Misano Grand Prix
The weekend after the Indianapolis Grand Prix, MotoGP action continues in San Marino at the Misano World Circuit, which presents Bridgestone with a totally different type of challenge than was faced in North America.
San Marino is a much smoother circuit with a lower level of grip, which means that the medium and hard compound motorcycle slicks have been selected front and rear.
The circuit’s layout also places equal loads on both shoulders of the tires, so asymmetric rear slicks are not necessary.
It is only the fifth race of the season to which Bridgestone have not brought asymmetric tyres because the circuit has not demanded them.
Although there has not been a wet race so far this season, Bridgestone are prepared with hard compound wet tires; even though the circuit’s surface is smooth, the ambient temperature in the region is generally high and the hard compound wets offer better durability in these conditions.
The nature of the circuit is twisty and motorcycle riders spend a lot of time on the brakes, meaning that braking stability from the front tire is crucial. Edge grip is also important especially when exiting turns six, ten and sixteen, all of which lead onto sections of straight.The right-handed kinks of turns eleven and twelve are high-speed and require excellent tire stability.
Riders must have confidence in their bike and tire package to commit to these turns else a great proportion of time can be lost through them.
After a time away, MotoGP returned to Misano in 2007, but the circuit layout was changed slightly at turn three in 2008, increasing the track’s length to 4.226km.
Bridgestone has a great track record in Misano since the circuit’s return to the calendar in 2007. Ducati Team’s Casey Stoner took pole and won in 2007 on Bridgestone tires, and in 2008 and again last year Valentino Rossi set a new lap record on his way to victory.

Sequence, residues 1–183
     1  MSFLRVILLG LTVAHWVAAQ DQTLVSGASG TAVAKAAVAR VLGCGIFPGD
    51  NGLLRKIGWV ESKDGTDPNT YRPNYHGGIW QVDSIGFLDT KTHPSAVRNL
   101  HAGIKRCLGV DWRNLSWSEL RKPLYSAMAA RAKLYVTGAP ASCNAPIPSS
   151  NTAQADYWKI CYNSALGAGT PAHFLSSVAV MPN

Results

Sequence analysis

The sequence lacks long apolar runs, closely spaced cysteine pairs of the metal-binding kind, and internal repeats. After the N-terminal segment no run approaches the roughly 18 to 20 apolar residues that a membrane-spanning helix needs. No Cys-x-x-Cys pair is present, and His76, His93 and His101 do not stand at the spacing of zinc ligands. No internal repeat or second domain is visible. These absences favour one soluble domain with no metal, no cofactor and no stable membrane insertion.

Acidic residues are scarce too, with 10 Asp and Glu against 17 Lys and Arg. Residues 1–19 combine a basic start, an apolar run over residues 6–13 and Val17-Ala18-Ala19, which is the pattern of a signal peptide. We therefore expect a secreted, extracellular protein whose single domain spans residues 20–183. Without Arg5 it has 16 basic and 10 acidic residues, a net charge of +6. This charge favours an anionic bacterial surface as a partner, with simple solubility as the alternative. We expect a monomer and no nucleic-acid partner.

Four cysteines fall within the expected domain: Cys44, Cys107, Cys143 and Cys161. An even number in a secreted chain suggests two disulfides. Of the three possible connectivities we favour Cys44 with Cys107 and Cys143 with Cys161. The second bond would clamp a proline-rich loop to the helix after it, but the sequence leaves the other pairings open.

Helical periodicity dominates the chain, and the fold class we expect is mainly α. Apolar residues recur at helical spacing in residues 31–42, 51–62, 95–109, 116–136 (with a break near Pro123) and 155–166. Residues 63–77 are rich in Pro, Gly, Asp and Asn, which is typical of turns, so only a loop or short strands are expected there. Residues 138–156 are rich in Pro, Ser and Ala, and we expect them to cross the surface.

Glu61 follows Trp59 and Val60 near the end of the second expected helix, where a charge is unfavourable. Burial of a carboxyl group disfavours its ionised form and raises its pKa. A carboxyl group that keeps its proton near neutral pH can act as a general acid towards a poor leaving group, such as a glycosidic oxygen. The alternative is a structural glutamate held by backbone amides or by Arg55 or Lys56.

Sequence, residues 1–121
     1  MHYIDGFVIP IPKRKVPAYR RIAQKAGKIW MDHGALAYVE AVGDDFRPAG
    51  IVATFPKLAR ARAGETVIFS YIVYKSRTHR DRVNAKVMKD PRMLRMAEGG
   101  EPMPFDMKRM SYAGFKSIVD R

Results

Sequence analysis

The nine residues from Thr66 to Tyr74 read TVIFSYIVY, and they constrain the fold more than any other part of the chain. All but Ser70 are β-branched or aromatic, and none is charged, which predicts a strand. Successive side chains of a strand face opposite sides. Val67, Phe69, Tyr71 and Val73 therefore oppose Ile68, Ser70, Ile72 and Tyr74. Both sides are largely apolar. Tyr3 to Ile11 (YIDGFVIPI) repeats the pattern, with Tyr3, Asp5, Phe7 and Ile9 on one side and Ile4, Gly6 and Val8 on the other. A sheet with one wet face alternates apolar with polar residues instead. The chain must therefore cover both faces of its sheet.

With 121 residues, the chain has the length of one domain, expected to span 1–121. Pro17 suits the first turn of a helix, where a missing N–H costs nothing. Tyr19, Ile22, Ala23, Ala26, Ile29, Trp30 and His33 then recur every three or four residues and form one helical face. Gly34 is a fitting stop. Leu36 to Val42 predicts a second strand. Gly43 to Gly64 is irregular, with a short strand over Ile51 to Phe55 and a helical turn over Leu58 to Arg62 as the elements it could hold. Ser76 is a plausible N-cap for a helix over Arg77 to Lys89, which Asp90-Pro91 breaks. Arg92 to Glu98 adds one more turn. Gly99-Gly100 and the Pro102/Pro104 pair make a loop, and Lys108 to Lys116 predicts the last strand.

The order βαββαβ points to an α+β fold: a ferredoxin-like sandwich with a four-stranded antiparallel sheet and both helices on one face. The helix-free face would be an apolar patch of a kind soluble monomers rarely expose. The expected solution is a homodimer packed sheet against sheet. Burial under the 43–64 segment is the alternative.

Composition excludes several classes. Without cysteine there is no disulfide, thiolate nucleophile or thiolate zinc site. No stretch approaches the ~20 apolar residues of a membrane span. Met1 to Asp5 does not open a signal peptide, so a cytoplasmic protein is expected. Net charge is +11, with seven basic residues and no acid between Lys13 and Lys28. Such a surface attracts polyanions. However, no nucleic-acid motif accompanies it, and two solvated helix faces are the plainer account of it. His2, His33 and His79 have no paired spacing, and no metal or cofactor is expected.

Hiroshi Yamada (Manager, Bridgestone Motorsport Department) says: “Misano has been a successful event for us since it was included on the MotoGP calendar again, right from 2007 when the top five riders were all on Bridgestone tires. In both years of tire competition there the race was won by a Bridgestone-shod rider, and last year Valentino set a new lap record on our tires so I am confident that we can play our part again this year in a good race.”
“The many braking points tend to bunch the field and provide close racing, with plenty of opportunities for overtaking. We saw a fantastic race in Indianapolis and there is still much to play for in the championship so I am excited about returning to Europe once more.”
Tohru Ubukata – (Manager, Bridgestone Motorcycle Tire Development Department) says: “The track surface at Misano is smooth and offers relatively low grip, but the ambient temperature is generally high for the grand prix. The climate condition requires harder compounds, but track surface requires softer compounds so we must achieve a balance in our tire selection.”
“The layout is basically twisty, but there are some high-speed corners which require very good stability to give the riders confidence to attack. Overall the circuit is not so demanding for our tyies, but braking stability is important because of the many heavy braking points. Tire wear and temperature is equal in both shoulders so it is not necessary to bring asymmetric tires so Misano, even though there are more right hand corners than lefts.”
Bridgestone slick compounds available:
Front: Medium, Hard.
Rear: Medium, Hard